Friday, October 9, 2015

NIA advises farmers how to deal with El Nino

By Mortz C.Ortigoza

URDANETA CITY- The regional office of the National Irrigation Administration here said the government agency had advised farmers in the four provinces Region 1 to cope with the threatening onslaught of the El Nino.
COLLECTION. National Irrigation Administration -llocos Region’s Regional 
Manager John Celeste leads regional staff on mapping out strategies
 to spike water supply financial collection from farmers in the four 
provinces Region 1. MORTZ C. ORTIGOZA 

El Nino is a climate cycle in the Pacific Ocean with a global impact on weather patterns.
According to  Public Information Officer Oca Navata, the office’s immediate responses are implement water management by regulating dam water releases, adopting rotational water distribution, adjusting cropping calendar or pattern by moving cropping schedule by one to two weeks earlier , rationalizes program area where the area to be irrigated would be based on dependable water supply.
“The other immediate measure is adopt diversified cropping by planting non-rice crops n suitable land classes, the repair of irrigation canals by plugging holes, cracks and leaks in canal embankments, the installation water augmentation pumps by putting up water augmentation pumps where ground water exists, adopt short growing varieties by planting short growing 120 days rice varieties, mend paddy dikes by heightening, thicken and repair paddy to reduce leakage at the farm level, carrying out cloud seeding by commissioning cloud seeding operation,” Navata reads the brochures provided to him by Regional Manager John Celeste.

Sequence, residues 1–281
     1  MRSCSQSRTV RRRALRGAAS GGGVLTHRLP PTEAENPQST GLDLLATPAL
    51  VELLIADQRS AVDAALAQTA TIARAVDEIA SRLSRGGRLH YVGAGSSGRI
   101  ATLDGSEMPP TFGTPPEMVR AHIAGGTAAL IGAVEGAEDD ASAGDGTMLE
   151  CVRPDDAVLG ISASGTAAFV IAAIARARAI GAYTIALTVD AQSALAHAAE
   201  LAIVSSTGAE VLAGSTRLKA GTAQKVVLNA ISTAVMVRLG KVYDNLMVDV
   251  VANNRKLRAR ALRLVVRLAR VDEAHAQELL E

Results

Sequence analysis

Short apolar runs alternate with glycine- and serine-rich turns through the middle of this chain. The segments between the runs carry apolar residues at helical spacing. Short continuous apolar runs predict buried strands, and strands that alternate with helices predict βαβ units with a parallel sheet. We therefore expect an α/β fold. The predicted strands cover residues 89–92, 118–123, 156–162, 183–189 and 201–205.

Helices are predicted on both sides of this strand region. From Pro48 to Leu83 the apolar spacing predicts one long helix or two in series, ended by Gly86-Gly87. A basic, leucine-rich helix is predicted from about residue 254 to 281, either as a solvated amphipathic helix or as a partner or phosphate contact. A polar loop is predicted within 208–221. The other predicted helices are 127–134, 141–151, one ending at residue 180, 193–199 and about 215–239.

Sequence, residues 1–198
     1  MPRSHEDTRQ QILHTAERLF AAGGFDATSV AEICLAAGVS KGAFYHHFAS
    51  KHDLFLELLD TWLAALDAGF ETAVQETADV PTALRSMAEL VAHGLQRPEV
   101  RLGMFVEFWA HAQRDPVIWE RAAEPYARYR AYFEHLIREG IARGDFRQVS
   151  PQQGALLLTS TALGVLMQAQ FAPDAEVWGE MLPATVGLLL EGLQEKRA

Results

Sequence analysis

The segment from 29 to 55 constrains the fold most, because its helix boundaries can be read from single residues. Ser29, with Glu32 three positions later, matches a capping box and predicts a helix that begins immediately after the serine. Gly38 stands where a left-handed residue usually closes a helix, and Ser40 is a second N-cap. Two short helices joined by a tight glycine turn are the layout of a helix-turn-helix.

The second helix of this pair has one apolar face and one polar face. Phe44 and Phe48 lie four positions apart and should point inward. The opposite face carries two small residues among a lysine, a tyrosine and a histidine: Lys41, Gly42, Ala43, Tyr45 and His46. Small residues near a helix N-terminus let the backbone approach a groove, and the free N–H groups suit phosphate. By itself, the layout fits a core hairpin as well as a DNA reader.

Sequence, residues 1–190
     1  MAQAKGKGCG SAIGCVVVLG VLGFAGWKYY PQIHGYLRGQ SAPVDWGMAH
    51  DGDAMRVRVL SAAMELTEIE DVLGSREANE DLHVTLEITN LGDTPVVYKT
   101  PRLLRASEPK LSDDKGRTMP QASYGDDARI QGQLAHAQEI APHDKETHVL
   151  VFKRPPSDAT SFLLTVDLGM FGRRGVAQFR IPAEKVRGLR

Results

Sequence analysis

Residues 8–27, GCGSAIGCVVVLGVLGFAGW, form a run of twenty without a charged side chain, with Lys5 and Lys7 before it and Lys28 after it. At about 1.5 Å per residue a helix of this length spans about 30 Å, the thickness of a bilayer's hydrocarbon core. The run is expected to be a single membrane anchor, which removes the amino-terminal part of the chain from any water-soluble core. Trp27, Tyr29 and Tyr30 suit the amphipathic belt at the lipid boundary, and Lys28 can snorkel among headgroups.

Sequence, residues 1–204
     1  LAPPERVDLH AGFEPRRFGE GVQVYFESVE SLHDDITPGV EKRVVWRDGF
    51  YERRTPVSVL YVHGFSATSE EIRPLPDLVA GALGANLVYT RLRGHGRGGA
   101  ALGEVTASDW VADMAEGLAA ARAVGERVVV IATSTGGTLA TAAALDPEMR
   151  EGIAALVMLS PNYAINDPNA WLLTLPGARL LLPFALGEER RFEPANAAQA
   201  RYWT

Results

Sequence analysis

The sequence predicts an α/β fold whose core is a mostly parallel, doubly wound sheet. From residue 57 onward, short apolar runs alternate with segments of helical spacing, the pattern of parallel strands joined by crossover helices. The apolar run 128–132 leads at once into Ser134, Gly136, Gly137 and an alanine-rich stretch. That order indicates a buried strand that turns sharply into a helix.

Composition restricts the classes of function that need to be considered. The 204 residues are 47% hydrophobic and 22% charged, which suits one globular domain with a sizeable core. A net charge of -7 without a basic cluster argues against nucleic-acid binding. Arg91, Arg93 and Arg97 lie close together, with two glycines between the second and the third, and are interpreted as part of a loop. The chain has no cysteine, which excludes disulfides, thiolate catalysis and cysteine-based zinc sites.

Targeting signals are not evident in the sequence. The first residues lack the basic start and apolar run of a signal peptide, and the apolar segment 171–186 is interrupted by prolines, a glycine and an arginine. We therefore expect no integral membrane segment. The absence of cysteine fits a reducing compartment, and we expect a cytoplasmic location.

El Nino is the cycle that begins when warm water in the western tropical Pacific Ocean shifts eastward along the equator toward the coast of South America. Normally, this warm water pools near Indonesia and the Philippines. During an El Niño, the Pacific's warmest surface waters sit offshore of northwestern South America.

The other long term measures to mitigate the El Nino’s scourge, according to Navata, is the used of structures to collect drainage discharge, regulate water withdrawals, certain episode impact concrete line irrigation canals, and replant irrigation watersheds.

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